EAB webinar examines facial recognition for criminal investigations in EU countries
A recent European Association for Biometrics (EAB) webinar explored the role of facial recognition technologies in criminal investigations in EU member states.
The presentation focused particularly on analyzing the results of the EU-funded TELEFI (Towards the European Level Exchange of Facial Images) project.
The biometrics initiative saw the collaboration of a number of European institutions, including the Estonian Institute of Forensic Sciences, the Estonian Police and Border Guard Board and the Finnish National Bureau of Investigation.
In addition, the Latvian National Bureau of Forensic Science, the Netherlands Institute of Forensic Medicine and the Swedish National Center for Forensic Medicine.
The TELEFI webinar featured Prof. Dr. Didier Meuwly, Senior Researcher at the Netherlands Forensic Institute (NFI) and Chair of Forensic Biometrics at the University of Twente, and Andra Sirgmets from the Estonian Institute forensic science.
Expand biometric options for criminal investigations
According to existing European regulations, DNA profiles, fingerprint biometrics and vehicle registration data are currently exchanged between Member States via the Prüm framework.
These guidelines were established in 2005 and have been used by Member States to combat international crime, terrorism and illegal migration.
The Prüm system has evolved over the last decade and it has reached a point where the EU is considering the introduction of new modalities, including facial recognition.
With this in mind, the TELEFI project explored the administrative and law enforcement use of facial recognition in criminal investigations, provided a summary of the project and presented the recommendations to EU Member States.
Explore database and legal framework issues
According to Sirgmets, in 2020 there were 11 EU states where facial recognition for criminal investigations was implemented, and seven more were expected to complete implementation by the end of 2021.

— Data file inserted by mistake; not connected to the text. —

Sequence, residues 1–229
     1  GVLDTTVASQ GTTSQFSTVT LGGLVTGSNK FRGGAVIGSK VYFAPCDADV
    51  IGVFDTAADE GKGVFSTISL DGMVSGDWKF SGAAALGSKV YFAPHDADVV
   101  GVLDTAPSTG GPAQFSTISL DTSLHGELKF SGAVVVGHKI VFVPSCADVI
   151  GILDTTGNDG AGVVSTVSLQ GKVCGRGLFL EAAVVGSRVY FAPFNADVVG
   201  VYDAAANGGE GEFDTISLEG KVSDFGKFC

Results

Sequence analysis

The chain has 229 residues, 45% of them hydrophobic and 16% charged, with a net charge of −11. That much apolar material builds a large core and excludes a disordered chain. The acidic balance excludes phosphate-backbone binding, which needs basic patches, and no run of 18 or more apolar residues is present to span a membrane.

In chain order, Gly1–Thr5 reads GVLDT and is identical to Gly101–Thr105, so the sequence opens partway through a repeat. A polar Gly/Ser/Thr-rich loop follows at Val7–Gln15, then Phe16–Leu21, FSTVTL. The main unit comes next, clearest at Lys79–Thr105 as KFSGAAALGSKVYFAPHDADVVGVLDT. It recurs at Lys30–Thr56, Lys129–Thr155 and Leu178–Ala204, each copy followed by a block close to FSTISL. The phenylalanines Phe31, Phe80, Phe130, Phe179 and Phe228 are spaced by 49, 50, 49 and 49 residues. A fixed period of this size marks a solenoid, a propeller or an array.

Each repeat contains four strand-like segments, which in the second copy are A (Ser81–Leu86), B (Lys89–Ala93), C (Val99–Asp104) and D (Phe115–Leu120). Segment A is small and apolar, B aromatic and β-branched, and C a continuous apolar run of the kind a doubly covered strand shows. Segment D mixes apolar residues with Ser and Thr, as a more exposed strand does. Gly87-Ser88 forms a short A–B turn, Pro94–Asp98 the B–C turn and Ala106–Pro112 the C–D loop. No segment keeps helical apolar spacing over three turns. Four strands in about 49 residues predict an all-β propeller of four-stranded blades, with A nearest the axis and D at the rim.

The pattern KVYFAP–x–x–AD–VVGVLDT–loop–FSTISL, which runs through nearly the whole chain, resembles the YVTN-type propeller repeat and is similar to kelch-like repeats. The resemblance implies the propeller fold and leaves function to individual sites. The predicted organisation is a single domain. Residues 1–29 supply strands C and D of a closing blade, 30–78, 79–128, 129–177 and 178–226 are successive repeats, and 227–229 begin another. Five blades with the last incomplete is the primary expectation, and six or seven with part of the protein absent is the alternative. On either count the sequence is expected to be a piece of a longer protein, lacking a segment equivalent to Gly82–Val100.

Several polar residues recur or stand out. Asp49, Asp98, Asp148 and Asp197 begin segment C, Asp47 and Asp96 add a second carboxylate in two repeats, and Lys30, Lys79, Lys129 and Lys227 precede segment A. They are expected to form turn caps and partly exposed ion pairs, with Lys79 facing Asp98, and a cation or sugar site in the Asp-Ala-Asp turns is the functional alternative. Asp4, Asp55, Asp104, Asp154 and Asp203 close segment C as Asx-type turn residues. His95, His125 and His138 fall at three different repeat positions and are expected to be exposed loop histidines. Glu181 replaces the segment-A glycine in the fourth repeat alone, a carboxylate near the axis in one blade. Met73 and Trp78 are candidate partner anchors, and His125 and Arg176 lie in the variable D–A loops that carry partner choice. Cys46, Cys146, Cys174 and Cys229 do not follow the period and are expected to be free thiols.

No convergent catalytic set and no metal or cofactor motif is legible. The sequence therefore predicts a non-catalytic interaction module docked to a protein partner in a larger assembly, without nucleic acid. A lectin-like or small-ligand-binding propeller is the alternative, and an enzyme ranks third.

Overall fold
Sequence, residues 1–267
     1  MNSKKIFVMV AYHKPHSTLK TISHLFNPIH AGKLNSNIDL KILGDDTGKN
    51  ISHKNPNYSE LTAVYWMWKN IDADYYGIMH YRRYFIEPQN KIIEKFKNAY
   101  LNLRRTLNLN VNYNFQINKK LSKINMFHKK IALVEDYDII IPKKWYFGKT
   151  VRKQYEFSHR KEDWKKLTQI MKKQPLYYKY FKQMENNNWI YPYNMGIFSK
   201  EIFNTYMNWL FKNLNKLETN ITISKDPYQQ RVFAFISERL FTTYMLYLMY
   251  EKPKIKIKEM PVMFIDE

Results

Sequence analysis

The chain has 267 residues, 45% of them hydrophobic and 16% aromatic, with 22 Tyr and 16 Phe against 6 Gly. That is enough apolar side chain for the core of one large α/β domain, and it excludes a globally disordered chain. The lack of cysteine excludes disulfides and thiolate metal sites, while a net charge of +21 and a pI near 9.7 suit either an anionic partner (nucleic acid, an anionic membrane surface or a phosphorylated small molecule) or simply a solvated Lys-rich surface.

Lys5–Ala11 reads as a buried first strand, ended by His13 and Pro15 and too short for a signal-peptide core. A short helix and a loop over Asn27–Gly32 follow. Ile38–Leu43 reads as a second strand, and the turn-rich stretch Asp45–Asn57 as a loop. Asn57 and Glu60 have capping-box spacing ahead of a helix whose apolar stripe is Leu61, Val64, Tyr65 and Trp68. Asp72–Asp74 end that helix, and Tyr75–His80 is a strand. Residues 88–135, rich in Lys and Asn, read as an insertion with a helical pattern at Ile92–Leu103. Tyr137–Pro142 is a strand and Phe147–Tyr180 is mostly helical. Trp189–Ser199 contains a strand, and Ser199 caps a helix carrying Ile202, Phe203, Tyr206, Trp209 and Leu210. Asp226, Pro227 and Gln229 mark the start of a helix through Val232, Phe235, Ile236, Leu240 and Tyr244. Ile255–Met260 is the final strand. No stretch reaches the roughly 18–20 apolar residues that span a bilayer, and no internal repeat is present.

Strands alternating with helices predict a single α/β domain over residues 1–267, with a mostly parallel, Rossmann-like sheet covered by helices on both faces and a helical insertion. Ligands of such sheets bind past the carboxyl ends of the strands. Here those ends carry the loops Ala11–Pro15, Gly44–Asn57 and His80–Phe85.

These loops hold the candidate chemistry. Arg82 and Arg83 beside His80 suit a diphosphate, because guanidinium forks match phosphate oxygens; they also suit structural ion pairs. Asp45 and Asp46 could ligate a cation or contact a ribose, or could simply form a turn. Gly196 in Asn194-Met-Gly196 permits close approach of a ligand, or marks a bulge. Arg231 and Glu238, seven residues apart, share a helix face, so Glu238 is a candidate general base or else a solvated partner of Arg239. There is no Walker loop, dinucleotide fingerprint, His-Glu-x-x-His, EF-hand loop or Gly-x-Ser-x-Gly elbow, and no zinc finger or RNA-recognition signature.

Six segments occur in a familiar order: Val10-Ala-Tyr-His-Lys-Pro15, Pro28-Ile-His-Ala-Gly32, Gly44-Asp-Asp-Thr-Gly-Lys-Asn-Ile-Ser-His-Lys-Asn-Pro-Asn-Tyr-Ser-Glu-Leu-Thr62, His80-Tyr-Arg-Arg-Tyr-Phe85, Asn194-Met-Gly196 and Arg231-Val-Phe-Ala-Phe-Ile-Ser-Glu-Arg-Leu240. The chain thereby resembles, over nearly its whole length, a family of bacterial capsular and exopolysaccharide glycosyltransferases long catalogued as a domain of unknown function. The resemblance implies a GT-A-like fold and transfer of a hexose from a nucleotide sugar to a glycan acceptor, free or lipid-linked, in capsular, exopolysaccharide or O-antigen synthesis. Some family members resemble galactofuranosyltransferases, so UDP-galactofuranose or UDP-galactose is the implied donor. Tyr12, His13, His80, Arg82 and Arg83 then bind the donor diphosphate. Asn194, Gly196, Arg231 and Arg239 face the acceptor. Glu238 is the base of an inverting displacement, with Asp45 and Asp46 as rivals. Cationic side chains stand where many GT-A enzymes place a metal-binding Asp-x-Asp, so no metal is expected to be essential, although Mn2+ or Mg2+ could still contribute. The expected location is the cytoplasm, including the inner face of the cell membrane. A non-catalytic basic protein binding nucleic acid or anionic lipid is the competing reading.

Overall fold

In these countries, the technology was mainly used to identify suspects by extracting images from CCTV and analyzing them through a facial recognition system.
The forensic expert then explored how image databases were and are selected in EU member states.
She clarified that these databases primarily store images of suspects and convicted persons, not the general public (although they may include photos of missing persons, for example).
Although it is used in several EU member states, Sirgmets added, automated facial recognition currently only has a dedicated legal framework in Hungary. In all other EU countries, the analysis of facial images using automated systems is permitted by several laws and implementing acts.
TELEFI project: Recommendations
The webinar then continued with Meuwly speaking and exploring recommendations based on the results of the TELEFI project.
The first, explained Meuwly, concerns the harmonization of the field of facial recognition at European level, and according to six criteria.
These are respectively an agreement on the standard and quality requirements for control images, on the methodology of facial recognition research, on the training of human operators in proficiency tests for identification research, and on reports and common terminology.
The second recommendation coming out of the TELEFI project, according to Meuwly, is that the promotion of interoperability of civil and criminal processes related to facial recognition would benefit from harmonization in different terms.
In this regard, he specifically cited facial image quality standards, database management, manual face comparison methods, and candidate list review methodology.
The third set of recommendations mentioned by Meuwly concerns the creation of a forensic working group for the coordination of the harmonization process, while the fourth concerns the application of quality recommendations linked to the quality standards for the methodology of facial image capture, face search quality and methodology.
The fifth concerns the establishment of a large database of facial images for future work in the criminal field.
Additional recommendations arising from the TELEFI project concerns the introduction of facial images into the Prüm system, but only after testing the database using decentralized tools.
At the end of the TELEFI project, a report will be published and a conference will be organized to share the results of the initiative in order to stimulate discussion on the implementation of facial recognition for criminal investigations in EU Member States .
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